By: Lauren Arbogast
It never ceases to amaze me. Whether in the classroom surrounded by excited elementary students or on my own in my small plot of land – the magic of a fragile green shoot poking through crumbly earthen soil brings a twinkle to my eye. Students tend to let their enthusiasm show through excited verbal exchanges and prodding little fingers, while adults tend to smile, nod, and chalk the newness of life up to a routine finding.
If I’m alone in my garden, I take a second to let a smile deepen the creases around my eyes while I tenderly stroke the new life reaching for the sun. From a little girl, I’ve loved the feel of fresh tilled soil under my bare toes, poking holes with my index finger to drop in seeds, and yes – seeing life multiplied exponentially from a tiny seed.
As a classroom teacher, I used to bring nature into lessons as often as possible, and a garden or gardening activities were a fantastic way to do that. But what I learned over the years was that gardening taught so much more than earth, environment, nature, agriculture, and any other relatable topic you could pin to it. Connecting with the earth allowed the students to transport themselves and each other across cultural and language barriers, behavior issues, and stressful home environments. And it was these life lessons that focused their performance in the classroom with the required learning.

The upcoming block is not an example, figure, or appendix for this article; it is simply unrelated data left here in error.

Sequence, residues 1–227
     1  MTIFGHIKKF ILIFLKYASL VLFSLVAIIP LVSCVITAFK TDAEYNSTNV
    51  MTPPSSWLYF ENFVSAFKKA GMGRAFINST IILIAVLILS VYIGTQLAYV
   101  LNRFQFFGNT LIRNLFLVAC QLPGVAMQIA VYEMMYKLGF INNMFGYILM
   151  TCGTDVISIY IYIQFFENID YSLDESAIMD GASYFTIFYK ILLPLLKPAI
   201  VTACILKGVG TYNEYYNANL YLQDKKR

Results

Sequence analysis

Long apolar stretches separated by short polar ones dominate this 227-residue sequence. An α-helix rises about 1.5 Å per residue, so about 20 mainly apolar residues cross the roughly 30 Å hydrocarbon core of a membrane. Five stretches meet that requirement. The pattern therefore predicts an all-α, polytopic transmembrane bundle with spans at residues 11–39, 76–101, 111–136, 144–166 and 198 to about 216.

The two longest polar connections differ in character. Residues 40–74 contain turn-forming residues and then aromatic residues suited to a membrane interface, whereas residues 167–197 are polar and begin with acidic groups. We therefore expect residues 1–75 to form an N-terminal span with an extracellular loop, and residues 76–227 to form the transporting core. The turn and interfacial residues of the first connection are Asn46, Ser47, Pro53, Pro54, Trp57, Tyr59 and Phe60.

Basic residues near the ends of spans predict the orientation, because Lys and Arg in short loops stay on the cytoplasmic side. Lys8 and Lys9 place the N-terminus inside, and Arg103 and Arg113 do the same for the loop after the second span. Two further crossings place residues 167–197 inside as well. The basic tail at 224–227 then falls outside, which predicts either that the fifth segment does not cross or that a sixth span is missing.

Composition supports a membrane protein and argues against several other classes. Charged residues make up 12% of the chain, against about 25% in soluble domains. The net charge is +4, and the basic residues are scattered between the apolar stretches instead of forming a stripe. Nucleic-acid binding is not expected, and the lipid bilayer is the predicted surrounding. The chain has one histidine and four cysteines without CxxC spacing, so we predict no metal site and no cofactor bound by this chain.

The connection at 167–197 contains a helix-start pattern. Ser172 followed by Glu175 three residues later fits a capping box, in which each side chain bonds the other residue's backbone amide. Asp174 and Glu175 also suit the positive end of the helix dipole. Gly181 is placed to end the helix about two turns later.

Magic takes time.
Fresh air and dirty hands are often the best medicine.
Life is beautiful.
Plants make great listeners.
We are part of something more than ourselves.
Sure - math, science, language arts - they all can be tied into gardening. But the life lessons gained from hands in the dirt learning offer relevance in and beyond the classroom. So as the days warm up, look no farther than your nearest patch (or pot!) of soil to bring lessons to life for your students – and soak in those life lessons yourself!
Lauren Arbogast is a former preschool teacher with experience bringing agriculture and nature into the classroom in many multi-faceted ways. Her classroom was a place where imagination and hands-on lessons prospered. Many of the books on the Foundation’s “Recommended Publications” graced her shelves and were incorporated into many hands-on lessons!
Learn how to start a school garden: School Gardens the Why and How.